by Paula Gail Benson
Each year, Sisters in Crime presents the Eleanor Taylor Bland grant to assist an emerging writer of color in that writer's continuing journey.
Born in Boston on December 31, 1944, Eleanor Taylor Bland spent a good portion of her life in Chicago where her husband served in the military. Bland wrote a series of novels about Marti MacAlister, an African American police detective whose big city methods clash with those of her partner Polish-American Vik Jessenovik when she transfers from Chicago to a small town police force. The Wikipedia biography about Ms. Bland quotes Ms. Bland as saying that "the most significant contribution that [African American women writers] have made, collectively, to mystery fiction is the development of the extended family; the permanence of spouses and significant others, most of whom don't die in the first three chapters; children who are complex, wanted and loved; and even pets."
On Saturday, September 19, 2020, the Palmetto Chapter of Sisters in Crime was pleased to welcome the 2020 Eleanor Taylor Bland award winner, Yasmin McClinton, as a guest speaker and new member of the chapter. Readers and authors from England, Canada, New York, and California joined the chapter for the Zoom presentation. In particular, it was lovely to have Frankie Bailey in attendance. Frankie worked to establish the Eleanor Taylor Bland award when she served as President of Sisters in Crime.
Yasmin McClinton grew up in Virginia and began writing as an only child, whose companionship was from reading. She came to South Carolina as a military spouse. Following a divorce, she and her two daughters remained in Columbia to make a new start. She has since remarried and has two step-sons.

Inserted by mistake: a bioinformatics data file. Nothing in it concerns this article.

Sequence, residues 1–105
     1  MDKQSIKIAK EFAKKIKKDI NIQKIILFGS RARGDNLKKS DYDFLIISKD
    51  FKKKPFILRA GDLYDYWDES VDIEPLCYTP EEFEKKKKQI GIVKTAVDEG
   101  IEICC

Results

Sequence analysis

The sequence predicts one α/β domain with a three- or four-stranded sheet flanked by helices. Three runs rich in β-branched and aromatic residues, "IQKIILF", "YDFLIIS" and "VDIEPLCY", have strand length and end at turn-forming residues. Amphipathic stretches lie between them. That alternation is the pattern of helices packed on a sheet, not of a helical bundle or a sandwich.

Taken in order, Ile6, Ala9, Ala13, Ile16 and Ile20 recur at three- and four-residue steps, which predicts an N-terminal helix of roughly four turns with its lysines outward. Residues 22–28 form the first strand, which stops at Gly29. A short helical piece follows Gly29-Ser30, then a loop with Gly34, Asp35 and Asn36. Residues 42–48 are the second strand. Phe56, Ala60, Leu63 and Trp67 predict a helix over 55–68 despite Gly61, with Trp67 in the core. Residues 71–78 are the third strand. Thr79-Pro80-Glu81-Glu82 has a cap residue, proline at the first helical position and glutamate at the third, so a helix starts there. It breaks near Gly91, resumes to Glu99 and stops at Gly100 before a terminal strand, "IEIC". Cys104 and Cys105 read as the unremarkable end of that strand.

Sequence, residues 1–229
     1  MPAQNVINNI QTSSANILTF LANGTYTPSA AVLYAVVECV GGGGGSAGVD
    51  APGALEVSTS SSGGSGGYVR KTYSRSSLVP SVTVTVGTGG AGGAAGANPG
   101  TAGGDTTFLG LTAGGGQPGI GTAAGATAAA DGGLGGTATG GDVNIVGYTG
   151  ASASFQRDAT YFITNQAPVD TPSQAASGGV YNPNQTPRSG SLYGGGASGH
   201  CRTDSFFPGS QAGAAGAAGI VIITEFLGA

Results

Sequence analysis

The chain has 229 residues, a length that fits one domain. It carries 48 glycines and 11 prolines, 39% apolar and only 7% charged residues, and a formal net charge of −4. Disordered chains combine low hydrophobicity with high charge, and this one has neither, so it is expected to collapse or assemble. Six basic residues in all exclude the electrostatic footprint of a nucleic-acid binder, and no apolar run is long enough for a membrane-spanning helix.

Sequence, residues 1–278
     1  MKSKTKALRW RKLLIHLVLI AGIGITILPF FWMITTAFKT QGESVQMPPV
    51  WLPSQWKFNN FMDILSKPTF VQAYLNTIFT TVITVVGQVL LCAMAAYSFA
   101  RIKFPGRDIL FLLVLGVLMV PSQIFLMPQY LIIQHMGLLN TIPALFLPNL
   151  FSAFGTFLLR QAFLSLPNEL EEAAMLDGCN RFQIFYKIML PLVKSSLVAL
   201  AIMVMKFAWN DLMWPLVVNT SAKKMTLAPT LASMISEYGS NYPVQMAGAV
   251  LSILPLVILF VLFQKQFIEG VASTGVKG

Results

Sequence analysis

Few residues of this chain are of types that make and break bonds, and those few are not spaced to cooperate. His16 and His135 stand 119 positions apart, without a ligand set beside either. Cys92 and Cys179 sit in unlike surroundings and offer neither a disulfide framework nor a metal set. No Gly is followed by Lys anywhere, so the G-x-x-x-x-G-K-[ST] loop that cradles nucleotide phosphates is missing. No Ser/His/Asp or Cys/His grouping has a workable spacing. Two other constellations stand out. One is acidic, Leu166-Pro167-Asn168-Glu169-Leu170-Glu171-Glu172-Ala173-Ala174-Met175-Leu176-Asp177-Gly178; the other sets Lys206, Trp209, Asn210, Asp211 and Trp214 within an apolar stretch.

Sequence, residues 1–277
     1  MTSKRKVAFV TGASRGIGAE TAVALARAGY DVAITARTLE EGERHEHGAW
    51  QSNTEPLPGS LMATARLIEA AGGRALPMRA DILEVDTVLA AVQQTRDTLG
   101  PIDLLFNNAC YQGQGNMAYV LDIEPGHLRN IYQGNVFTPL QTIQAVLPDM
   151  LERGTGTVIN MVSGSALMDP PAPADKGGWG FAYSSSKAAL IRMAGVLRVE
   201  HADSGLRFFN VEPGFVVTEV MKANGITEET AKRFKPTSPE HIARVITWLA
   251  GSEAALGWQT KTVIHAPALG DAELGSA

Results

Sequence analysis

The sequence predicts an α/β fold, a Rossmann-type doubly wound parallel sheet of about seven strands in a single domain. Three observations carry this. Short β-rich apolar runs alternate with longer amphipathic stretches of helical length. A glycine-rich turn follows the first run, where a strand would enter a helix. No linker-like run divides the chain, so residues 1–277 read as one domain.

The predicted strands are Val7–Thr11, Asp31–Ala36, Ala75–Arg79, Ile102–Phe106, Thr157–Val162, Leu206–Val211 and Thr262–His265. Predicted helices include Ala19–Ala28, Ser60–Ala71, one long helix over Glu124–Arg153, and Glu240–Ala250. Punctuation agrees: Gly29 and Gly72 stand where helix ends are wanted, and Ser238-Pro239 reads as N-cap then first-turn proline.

Throughout her life, she has continued to write. Her first novel was the story of four friends. Her second was a thriller based on background she learned from her parents who are immigrants. She said an agent asked why her thriller's protagonist didn't smile more, making her realize that agent was not the person to represent her. Our group agreed Lee Child probably did not field questions about Jack Reacher smiling more.
At the end of her presentation, Yasmin was asked what advice she would give to writers. She said to never give up, even if you feel as if you can't go farther, try one more time. She said, that was where she was when she applied for the Bland award.
In the Sisters in Crime press release, Yasmin was quoted as saying, "Authors like Ms. Bland show me that women of color--writers of color--can be authors in any genre they want and really bridge gaps. I shared with my daughters that I won this award. My daughters have been through the hardest times of my life. And I wanted to show them that their overly protective, annoying mom has dreams from her childhood coming true, even today. And, she can be chosen for prestigious awards like the Sisters in Crime Eleanor Taylor Bland award. So, Girls, no giving up. Ever!"
Congratulations, Yasmin! We're looking forward to reading your novels!